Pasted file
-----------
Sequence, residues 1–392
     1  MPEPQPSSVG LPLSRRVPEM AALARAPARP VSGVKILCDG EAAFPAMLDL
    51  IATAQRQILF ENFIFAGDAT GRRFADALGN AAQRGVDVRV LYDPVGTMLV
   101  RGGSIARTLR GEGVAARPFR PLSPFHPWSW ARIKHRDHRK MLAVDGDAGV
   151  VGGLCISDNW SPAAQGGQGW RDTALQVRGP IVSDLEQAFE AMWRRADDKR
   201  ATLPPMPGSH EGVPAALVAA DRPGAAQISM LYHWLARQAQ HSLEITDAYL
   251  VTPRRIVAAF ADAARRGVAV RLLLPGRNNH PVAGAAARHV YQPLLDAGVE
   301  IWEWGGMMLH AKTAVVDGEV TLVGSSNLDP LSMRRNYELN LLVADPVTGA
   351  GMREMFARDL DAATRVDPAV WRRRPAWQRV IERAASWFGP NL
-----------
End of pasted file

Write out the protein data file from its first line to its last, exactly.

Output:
Sequence, residues 1–392
     1  MPEPQPSSVG LPLSRRVPEM AALARAPARP VSGVKILCDG EAAFPAMLDL
    51  IATAQRQILF ENFIFAGDAT GRRFADALGN AAQRGVDVRV LYDPVGTMLV
   101  RGGSIARTLR GEGVAARPFR PLSPFHPWSW ARIKHRDHRK MLAVDGDAGV
   151  VGGLCISDNW SPAAQGGQGW RDTALQVRGP IVSDLEQAFE AMWRRADDKR
   201  ATLPPMPGSH EGVPAALVAA DRPGAAQISM LYHWLARQAQ HSLEITDAYL
   251  VTPRRIVAAF ADAARRGVAV RLLLPGRNNH PVAGAAARHV YQPLLDAGVE
   301  IWEWGGMMLH AKTAVVDGEV TLVGSSNLDP LSMRRNYELN LLVADPVTGA
   351  GMREMFARDL DAATRVDPAV WRRRPAWQRV IERAASWFGP NL